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W.H.D. Koerner (1878–1938)
New Horizons (1932)
oil on canvas
37 x 32 in
$75,000–$125,000
W.H.D. Koerner (1878–1938)
Sheriff and Citizens of the Law (1932)
oil on canvas
30 x 36 in
$75,000–$125,000
W.H.D. Koerner (1878–1938)
Fly Fishing ()
oil on canvas
24 x 36 in
$60,000–$90,000
W.H.D. Koerner (1878–1938)
Indian Territory Demand for Tribute (1923)
oil on canvas
30 x 36 in
$40,000–$60,000
Lot 246
(2016)
Maynard Dixon (1875–1946)
Cattle Drive (1939)
mixed media
49 x 36 1/2 in
$409,500

The 1939 Golden Gate International Exposition served as a celebration of the newly completed Bay Bridge
and Golden Gate Bridge, centered fittingly on the theme “Pageant of the Pacific.” Held on the artificial island
dubbed Treasure Island, the World’s Fair provided fodder for artists across the country. Maynard Dixon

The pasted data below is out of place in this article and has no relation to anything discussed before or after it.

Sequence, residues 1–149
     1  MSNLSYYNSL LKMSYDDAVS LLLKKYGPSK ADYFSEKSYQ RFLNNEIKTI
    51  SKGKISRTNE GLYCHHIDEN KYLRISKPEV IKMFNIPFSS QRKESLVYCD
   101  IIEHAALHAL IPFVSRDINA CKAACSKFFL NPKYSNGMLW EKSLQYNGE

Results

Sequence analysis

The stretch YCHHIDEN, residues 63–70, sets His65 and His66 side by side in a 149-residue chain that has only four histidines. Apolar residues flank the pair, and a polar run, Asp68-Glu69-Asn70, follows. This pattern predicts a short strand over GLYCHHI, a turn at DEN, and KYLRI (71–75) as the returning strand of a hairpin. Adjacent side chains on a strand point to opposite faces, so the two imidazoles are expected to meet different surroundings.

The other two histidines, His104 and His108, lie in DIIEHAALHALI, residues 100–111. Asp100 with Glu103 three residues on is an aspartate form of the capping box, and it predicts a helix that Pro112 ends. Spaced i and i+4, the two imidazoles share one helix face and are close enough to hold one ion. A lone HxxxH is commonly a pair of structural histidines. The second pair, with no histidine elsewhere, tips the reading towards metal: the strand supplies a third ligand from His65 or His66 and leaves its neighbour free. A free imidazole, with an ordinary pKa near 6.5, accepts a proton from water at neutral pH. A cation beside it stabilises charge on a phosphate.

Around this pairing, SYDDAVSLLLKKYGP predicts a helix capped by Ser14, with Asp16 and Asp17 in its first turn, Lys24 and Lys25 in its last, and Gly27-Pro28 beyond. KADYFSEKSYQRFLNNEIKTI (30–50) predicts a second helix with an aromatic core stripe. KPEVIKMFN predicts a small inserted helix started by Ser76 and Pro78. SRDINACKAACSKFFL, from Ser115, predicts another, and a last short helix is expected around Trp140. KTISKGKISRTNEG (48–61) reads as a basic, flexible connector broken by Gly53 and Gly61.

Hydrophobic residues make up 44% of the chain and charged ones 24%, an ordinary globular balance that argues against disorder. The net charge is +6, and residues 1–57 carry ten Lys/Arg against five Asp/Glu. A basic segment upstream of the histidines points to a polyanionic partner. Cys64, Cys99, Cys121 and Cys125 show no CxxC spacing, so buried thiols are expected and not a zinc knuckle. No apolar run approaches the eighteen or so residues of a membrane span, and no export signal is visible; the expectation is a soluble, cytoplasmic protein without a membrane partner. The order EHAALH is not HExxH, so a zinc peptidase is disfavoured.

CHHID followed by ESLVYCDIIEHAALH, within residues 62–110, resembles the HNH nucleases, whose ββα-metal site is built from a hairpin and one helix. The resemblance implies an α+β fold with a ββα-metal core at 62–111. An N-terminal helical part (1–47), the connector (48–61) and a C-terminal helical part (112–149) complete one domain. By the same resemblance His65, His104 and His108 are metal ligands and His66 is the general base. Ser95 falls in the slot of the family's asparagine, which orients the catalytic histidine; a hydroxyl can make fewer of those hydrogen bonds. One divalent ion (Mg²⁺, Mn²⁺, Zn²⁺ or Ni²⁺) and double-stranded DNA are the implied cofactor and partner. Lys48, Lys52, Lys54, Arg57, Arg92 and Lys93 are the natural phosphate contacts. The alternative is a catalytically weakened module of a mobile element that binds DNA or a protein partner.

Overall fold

answered the call and created his two largest murals to date, Grassland and Ploughed Land. At the heart of
Treasure Island towered an eighty foot statue of Pacifica, the goddess of the Pacific, and Dixon’s murals held a
place of prominence on the adjacent buildings. Cattle Drive served as a preliminary design for a portion of the Grassland mural, a key component in Dixon’s artistic process. Art critic Eugen Neuhaus described the murals, saying “Both designs have a charm that results from a clear and simple use of form and color. Dixon here refrains from any new adventures, and these decorations in their straightforwardness reflect qualities long recognized in his easel paintings. The color scale is conscientiously restricted to the warm earth hues characteristic of the palette of the fresco painter.”
In 1941 circumstances lead to the creation of a naval base on Treasure Island, resulting in the destruction of
both murals. While Grassland exists only in memory, Cattle Drive remains, speaking to the stalwart western
spirit that encompassed the larger scale works and standing alone as a powerful piece in its own right.